While John Milius is listed along with Francis Ford Coppola is the co-writer of Apocalypse Now, it is unclear which man was the driving force behind the iconic helicopter attack. What’s not unclear is that it’s by far the best sequence in what is in many ways an overblown, confused mess. I think most people would agree that after Robert Duvall exits stage right after declaring that “Charlie don’t surf” the film dearly misses his presence. Loosely based on Joseph Conrad’s short novel Heart of Darkness, which re-imagined King Leopold’s genocide as a journey into the heart of European arrogance and hypocrisy, Apocalypse Now has two big problems. The first is that the motivations of Captain Williard, the lead character played by a rather glum Martin Sheen — who had a heart attack during the film’s production — are never entirely clear. Unlike Conrad’s alter ego Marlowe, Williard, a CIA operative charged with assassination a rogue counterinsurgency officer played by Marlon Brando, has no consistent point of view. He accepts the mission out of some deep need to be a part of a CIA black op, but unlike Colonel Kilgore, the wonderfully insane “Air Cavalry” commander played by Duvall, he doesn’t seem to enjoy death and destruction for its own sake. He has no real axe to grind with Colonel Walter E. Kurtz, the rogue Green Beret played by Marlon Brando who established himself along the Cambodian border and set himself up as a demigod over a cult of native admirers. Indeed, he even wonders why the army even wants Kurtz dead.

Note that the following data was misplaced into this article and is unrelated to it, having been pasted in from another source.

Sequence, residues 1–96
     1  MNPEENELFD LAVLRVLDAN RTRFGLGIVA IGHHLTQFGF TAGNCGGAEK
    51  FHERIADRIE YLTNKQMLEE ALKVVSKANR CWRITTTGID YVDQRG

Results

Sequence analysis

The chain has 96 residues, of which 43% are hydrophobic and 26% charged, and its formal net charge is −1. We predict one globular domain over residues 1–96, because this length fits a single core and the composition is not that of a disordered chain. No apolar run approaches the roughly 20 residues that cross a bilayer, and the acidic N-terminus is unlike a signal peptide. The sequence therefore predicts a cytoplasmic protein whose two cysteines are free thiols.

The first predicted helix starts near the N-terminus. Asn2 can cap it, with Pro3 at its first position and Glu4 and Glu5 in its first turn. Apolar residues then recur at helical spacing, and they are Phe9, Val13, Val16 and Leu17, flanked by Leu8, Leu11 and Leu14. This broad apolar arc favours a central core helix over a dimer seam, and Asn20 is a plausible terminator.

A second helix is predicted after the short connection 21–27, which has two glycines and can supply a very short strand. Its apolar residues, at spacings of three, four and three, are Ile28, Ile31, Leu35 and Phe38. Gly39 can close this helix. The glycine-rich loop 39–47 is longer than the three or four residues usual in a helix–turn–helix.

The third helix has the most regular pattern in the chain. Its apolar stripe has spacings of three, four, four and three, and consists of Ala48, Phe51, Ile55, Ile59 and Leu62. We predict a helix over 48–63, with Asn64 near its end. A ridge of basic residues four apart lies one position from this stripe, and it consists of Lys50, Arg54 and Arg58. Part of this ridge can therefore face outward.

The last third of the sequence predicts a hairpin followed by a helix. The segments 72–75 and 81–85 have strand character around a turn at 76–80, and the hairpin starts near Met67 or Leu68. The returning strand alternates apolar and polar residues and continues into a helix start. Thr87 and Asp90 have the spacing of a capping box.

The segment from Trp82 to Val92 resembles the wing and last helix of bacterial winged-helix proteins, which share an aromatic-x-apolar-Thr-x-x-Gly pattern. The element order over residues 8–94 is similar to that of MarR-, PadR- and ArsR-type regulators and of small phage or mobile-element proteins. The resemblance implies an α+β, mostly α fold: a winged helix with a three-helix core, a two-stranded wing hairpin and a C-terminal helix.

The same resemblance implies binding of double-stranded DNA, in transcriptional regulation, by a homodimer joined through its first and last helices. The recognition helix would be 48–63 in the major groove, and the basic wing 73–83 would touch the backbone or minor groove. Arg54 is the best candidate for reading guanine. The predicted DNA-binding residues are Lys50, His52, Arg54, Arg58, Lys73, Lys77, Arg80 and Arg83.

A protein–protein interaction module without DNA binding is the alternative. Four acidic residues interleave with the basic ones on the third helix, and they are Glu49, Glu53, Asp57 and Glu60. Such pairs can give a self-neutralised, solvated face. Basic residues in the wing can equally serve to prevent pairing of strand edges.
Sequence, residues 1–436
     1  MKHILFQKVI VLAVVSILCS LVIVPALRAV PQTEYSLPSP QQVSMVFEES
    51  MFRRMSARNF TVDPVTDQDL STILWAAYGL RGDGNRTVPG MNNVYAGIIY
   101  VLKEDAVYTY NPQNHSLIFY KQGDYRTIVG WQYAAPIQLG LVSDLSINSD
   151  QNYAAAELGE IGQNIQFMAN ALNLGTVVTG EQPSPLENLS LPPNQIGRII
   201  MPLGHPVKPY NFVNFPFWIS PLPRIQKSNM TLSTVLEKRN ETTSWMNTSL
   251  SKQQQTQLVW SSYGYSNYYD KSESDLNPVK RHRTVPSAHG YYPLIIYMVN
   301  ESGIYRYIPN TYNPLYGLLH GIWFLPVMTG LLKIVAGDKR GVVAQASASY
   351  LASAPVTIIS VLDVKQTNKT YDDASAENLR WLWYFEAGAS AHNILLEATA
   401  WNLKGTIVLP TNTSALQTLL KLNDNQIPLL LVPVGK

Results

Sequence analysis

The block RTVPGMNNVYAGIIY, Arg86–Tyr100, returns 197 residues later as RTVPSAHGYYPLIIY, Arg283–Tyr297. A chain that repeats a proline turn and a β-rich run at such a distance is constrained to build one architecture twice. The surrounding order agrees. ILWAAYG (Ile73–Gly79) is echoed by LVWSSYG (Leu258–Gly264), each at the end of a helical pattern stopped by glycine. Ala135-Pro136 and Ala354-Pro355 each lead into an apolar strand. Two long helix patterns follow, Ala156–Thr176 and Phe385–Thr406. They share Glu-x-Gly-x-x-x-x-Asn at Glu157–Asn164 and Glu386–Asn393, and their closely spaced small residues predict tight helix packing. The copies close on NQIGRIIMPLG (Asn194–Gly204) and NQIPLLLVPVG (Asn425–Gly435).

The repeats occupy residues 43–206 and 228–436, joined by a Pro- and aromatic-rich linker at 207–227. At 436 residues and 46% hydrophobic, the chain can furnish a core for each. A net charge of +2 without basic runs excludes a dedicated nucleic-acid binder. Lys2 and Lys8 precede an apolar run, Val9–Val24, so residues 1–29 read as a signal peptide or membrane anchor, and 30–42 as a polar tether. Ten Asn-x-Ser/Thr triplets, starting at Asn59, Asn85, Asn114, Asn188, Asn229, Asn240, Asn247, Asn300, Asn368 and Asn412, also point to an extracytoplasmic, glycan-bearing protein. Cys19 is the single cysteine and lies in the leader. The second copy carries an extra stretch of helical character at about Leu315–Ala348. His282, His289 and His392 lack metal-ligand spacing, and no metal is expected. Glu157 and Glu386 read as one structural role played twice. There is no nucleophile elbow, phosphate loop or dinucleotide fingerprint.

The second problem is Marlon Brando himself, who phones in a performance so lazy and uninspired he seems to be making fun of us. At least when Orson Welles did wine commercials because he needed the money he put in a halfway credible day’s work.